2021 predictions for women over 60: same, but better

2021 predictions for women

Who wasn’t happy to see 2020 in the rear view mirror? Last year brought us coronavirus, which in turn ushered in so many changes to the way we live and work. As we enter a new year we look at the ways women over 60 adapted, and what we predict will carry over into 2021—including some we hope are here to stay.

1. Yoga pants and stylish loungewear

Women who never heard of warrior pose drove sales of yoga pants in 2020. (Lululemon flourished while formal-wear companies went into bankruptcy and overall demand for business attire diminished, according to The Motley Fool.)  As the months wore on we felt the need to kick it up a notch, and the rush to nice-looking leisurewear began. (We’re living in these cashmere joggers.) This is one trend we predict will continue in 2021 and beyond.

2. Senior shopping hours

Once we discovered the pleasures of open aisles and cashiers beaming to serve us, of fully stocked shelves and clean carts and floors, there was no going back. It’s up to us, though, to persuade retailers to keep senior shopping hours after the pandemic.

3. Curbside pickup

Small food shops—butchers, bakers, sandwich makers—found a way to keep their businesses alive through phone and online ordering and curbside pickup. Oh, the joy! Curl up in a chair, make a list, pick up the phone, and a short while later drive your car to the parking lot. A masked employee opens your back door (hold onto the dog), deposits your wares, and off you go. Saves time and neighborhoods.

4. Face masks

One trend we’re not thrilled about, but are committed to upholding, is wearing face masks. Fortunately, good cloth masks are now available in a variety of colors and patterns. We consider them the new accessory so we’re building up an eclectic collection to complement our leisurewear.  Must have style, even in a pandemic.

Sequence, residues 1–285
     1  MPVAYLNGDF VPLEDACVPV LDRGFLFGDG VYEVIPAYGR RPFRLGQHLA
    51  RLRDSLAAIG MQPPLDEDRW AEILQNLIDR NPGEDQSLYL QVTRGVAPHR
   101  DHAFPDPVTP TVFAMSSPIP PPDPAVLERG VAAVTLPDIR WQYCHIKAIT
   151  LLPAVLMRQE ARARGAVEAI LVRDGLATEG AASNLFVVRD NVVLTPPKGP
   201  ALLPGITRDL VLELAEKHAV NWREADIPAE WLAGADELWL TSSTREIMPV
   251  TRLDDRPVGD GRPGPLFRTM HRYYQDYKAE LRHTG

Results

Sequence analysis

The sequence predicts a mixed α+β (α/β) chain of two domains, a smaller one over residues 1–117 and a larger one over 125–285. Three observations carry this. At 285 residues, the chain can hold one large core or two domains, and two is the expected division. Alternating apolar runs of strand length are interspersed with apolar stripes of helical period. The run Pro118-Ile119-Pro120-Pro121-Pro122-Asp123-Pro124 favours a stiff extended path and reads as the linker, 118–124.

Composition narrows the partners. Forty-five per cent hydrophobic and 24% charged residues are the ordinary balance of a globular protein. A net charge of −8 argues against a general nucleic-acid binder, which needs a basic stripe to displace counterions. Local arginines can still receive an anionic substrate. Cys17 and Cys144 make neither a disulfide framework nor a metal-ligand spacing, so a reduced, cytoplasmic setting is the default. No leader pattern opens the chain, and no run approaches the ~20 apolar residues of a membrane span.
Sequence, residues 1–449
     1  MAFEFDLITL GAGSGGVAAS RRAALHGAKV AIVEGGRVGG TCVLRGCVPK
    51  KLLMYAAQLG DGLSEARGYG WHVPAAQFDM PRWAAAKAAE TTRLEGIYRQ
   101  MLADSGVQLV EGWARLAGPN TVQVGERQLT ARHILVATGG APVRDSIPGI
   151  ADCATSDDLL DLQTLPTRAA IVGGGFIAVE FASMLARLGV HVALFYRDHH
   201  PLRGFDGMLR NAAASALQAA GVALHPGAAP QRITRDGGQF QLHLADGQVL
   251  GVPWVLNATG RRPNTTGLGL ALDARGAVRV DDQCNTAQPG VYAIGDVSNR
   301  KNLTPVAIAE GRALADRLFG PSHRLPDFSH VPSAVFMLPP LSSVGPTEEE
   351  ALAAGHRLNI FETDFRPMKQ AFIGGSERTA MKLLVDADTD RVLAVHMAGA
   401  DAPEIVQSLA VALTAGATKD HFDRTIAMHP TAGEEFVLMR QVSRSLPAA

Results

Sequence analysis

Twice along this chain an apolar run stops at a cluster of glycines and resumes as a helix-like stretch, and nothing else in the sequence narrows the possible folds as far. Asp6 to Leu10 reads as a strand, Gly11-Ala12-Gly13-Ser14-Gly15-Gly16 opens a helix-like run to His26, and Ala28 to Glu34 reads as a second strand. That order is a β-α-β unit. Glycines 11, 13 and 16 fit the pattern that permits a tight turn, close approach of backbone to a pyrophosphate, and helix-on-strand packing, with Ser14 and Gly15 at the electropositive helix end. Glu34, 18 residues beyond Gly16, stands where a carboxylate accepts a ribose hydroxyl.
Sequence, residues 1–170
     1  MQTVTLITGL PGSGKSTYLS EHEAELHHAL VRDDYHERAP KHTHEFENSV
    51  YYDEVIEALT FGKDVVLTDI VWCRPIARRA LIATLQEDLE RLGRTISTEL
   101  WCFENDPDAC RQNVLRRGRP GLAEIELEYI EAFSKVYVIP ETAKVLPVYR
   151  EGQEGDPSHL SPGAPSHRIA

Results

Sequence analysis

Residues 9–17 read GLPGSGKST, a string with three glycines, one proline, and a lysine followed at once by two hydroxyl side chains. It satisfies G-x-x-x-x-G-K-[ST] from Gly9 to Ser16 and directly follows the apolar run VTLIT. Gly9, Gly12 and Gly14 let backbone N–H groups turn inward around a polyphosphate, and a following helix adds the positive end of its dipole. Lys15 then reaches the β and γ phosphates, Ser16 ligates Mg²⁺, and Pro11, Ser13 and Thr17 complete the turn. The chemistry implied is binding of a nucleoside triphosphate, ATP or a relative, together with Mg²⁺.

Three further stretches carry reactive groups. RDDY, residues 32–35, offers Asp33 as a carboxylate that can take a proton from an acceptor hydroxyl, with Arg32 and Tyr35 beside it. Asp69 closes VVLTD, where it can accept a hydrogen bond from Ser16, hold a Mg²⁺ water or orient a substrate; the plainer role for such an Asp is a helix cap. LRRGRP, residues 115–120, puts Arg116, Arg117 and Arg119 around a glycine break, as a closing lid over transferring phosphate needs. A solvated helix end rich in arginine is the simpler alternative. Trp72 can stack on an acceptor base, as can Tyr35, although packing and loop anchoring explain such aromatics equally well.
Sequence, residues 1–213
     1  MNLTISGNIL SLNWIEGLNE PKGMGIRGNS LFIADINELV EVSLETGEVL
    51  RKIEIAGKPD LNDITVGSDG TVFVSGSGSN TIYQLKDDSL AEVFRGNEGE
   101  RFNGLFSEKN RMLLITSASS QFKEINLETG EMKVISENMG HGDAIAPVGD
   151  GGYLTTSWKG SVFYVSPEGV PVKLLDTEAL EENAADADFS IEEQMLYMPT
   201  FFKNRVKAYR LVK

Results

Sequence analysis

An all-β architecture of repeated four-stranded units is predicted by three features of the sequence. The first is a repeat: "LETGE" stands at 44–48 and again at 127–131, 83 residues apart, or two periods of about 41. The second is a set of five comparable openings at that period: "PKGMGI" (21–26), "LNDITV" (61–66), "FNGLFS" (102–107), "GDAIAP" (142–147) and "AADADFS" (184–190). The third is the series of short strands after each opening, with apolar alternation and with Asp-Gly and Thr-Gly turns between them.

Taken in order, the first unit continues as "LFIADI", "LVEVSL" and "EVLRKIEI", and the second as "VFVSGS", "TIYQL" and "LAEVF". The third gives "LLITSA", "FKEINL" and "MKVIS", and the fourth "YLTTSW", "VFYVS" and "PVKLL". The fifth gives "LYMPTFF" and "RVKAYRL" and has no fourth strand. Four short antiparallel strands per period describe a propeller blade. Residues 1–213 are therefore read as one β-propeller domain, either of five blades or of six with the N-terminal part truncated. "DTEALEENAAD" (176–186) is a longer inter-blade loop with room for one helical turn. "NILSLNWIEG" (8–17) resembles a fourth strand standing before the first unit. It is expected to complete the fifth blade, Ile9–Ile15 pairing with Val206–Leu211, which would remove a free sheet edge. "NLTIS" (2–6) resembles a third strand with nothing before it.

5. Outdoor entertaining

Patios and backyard barbecues became outdoor dining and living rooms last summer. Now with the Northern hemisphere in the midst of winter we are finding ways to meet outdoors with friends and family, gathered around firepits, bundled up in our warmest wear. Still need a firepit? Try Wayfair and Overstock. Both have a large variety in a range of prices.

6. Walking

Walking in the fresh air became the go-to way to exercise in relative safety. Those with dogs already knew the pleasures of walking outdoors. Now many others are walking their way through the pandemic and beyond.

7. Home-based exercise equipment

Women who miss the adrenaline rush of the gym are bringing the gym to them. According to estimates from JPMorgan, Peloton, the maker of stationary exercise bikes and complimentary exercise media, saw an astronomical surge in sales for 2020.  Mirror, which enables users to participate in exercise classes at home, was acquired by Lululemon last year for $500 million as more people pivot to exercising at home.

8. Zoom

Suddenly we found ourselves living like The Jetsons in real life. As the coronavirus spread in early 2020 working, studying, and socializing moved from physical to remote. And we all learned about Zoom.

In January and February alone Zoom acquired 2.2 million new users – more than in all of 2019, according to The Verge. By April there were more than 300 million daily meeting participants, up from 10 million in December 2019. When enough people are vaccinated, we’ll be able to get together in person again. But for the first six to eight months of 2021 we will continue to hold video group chats and cocktail hour via Zoom.

9. DIY hair

We learned to touch up our roots, even apply all-over color, during our self-sequestering. Salons may be reopening, but our prediction for 2021 is that women will continue to find the cost-savings of the occasional home application tempting.

10. Revamped beauty routines

2020 was the year we hid behind our masks and “less is more” became the accepted norm. “With in-person work and socializing taking a backseat, so too did makeup, giving many the chance to re-examine their beauty habits and try something new,” as a January 4th article in Forbes notes.

The other disrupter of beauty habits was Zoom, and the birth of “Zoom dysmorphia.” Staring at our faces up close and personal in less than flattering light is leading women to consider procedures to improve the way they look on screen.

Moreover, the backlog of products that have been in development will flood the marketplace this year. Look for more natural ingredients, injectables, high-tech devices, and “double-duty products” that cover and conceal but also deliver skincare benefits.

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